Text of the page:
The land use, land-use change, and forestry (LULUCF) sector plays a crucial role in achieving global climate targets, but there are differences between  how scientists and countries account for its emissions. An IIASA study shed light on these disparities, revealing significant implications for global climate targets.

Recognizing the significance of effective land management in meeting climate targets, 118 out of 143 countries have incorporated land-based emissions reductions and removals into their Nationally Determined  Contributions (NDCs).

Differences in defining managed land and human-induced carbon fluxes have however led to differences between scientific models and national inventories in estimating land-based emissions. The study, led by  researchers in the IIASA Energy, Climate, and Environment Program, highlighted the importance of reconciling these differences to accurately assess progress toward global climate targets.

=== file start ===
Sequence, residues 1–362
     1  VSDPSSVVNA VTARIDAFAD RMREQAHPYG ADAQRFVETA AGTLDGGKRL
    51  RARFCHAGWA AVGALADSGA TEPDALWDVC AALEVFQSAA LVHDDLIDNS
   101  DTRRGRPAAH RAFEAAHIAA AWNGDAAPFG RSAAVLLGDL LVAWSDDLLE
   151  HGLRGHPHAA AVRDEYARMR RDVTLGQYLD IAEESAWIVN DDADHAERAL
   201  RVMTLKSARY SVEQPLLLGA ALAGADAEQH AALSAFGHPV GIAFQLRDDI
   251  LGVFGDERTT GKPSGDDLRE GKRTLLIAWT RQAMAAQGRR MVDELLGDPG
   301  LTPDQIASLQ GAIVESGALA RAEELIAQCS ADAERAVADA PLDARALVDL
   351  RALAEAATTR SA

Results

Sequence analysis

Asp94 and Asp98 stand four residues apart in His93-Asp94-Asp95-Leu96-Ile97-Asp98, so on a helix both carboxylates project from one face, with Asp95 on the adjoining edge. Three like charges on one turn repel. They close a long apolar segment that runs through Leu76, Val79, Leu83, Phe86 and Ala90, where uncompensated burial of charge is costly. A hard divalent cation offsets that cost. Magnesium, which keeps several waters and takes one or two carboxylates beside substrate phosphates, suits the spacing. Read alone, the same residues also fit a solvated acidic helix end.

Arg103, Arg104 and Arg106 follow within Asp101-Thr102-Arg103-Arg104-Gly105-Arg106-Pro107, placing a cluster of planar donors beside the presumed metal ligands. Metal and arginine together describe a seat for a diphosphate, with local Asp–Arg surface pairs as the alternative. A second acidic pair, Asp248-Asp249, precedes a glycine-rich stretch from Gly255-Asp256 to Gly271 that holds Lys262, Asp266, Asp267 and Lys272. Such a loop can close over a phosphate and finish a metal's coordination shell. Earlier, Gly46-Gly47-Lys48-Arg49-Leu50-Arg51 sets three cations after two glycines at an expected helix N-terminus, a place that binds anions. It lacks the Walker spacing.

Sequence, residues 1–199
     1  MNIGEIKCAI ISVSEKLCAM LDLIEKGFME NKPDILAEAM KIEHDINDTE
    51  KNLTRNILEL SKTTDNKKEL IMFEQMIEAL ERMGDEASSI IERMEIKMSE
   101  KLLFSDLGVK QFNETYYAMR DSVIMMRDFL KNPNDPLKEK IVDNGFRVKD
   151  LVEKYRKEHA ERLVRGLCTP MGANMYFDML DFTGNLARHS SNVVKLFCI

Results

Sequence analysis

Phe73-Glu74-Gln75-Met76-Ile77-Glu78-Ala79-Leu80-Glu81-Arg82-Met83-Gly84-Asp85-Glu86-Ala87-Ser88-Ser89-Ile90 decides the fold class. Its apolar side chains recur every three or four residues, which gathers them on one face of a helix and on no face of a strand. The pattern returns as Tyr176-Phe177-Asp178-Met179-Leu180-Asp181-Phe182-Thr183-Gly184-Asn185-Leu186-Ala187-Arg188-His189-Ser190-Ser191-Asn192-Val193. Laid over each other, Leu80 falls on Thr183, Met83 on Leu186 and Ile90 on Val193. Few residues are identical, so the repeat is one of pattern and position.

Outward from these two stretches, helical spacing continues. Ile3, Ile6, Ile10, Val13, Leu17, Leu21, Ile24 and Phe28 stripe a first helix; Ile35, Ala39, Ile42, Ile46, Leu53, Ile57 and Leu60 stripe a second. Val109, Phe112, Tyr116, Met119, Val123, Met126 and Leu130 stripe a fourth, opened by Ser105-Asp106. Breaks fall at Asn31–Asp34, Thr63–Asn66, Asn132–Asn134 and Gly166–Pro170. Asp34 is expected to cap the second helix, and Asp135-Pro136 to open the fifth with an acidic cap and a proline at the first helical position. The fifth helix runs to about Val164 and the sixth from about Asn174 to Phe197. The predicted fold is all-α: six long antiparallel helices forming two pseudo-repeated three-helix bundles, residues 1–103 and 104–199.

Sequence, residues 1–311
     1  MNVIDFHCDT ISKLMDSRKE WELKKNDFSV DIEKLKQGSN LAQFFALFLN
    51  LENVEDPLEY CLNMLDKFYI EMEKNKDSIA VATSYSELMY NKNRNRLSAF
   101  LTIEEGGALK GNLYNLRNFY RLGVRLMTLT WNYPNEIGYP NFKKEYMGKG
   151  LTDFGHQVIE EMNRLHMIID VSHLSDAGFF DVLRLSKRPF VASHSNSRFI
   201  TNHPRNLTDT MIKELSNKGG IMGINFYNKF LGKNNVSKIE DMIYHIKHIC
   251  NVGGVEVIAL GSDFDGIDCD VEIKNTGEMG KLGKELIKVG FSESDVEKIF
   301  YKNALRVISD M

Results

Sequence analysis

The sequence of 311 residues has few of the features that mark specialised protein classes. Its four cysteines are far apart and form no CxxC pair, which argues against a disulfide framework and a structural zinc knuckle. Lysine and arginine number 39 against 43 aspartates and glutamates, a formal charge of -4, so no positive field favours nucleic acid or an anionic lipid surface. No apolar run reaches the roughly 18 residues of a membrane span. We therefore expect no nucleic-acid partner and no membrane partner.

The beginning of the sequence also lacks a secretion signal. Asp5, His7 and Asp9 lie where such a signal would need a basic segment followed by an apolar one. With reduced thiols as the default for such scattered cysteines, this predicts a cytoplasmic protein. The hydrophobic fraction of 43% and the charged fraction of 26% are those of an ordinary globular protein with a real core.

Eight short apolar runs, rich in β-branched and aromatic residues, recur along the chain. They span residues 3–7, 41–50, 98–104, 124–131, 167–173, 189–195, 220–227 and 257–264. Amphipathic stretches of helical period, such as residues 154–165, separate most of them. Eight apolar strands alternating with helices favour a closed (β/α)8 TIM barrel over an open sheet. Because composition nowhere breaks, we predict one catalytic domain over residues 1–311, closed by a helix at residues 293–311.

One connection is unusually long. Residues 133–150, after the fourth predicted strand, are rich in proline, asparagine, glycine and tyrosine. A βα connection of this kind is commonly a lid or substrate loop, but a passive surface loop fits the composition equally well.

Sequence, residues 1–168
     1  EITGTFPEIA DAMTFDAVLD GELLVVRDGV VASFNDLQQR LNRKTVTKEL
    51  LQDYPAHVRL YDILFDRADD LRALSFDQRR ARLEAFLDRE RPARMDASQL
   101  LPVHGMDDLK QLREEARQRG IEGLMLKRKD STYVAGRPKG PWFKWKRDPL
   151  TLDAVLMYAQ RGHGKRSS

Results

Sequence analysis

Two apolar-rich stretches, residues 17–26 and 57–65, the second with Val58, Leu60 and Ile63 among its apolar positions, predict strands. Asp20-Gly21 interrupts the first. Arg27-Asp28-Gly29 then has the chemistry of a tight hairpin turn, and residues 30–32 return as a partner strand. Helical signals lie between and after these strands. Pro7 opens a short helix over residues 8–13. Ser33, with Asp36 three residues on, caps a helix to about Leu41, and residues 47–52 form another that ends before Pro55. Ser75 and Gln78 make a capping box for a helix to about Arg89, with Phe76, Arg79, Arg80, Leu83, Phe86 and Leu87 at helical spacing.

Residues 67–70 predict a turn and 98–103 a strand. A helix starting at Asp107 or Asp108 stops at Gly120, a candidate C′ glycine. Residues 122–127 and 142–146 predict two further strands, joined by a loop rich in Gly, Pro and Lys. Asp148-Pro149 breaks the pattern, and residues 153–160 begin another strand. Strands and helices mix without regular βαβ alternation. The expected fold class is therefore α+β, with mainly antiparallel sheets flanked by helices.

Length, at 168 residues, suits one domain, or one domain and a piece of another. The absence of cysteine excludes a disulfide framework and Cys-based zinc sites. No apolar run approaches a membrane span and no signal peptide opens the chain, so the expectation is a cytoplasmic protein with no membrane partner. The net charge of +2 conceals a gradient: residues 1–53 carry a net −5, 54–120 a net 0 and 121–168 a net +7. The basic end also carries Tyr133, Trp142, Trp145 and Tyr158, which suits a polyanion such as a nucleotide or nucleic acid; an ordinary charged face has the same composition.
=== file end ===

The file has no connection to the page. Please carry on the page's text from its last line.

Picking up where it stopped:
The authors assessed key mitigation benchmarks after aligning emissions scenarios with inventories, finding that achieving the 1.5°C temperature goal of the Paris Agreement will require earlier net-zero CO2 emissions, stronger emission reductions by 2030, and significantly lower cumulative CO2 emissions.

The findings underscore the necessity for countries to set distinct targets for land-based mitigation separate from other sectors, to ensure alignment with global climate objectives, and emphasize the urgency of clarifying  national climate goals and enhancing comparability between global models and national inventories. The authors advocate for concerted efforts to bridge the gap between emissions estimated by scientific assessments and national inventories, which are vital for advancing towards a sustainable and resilient future.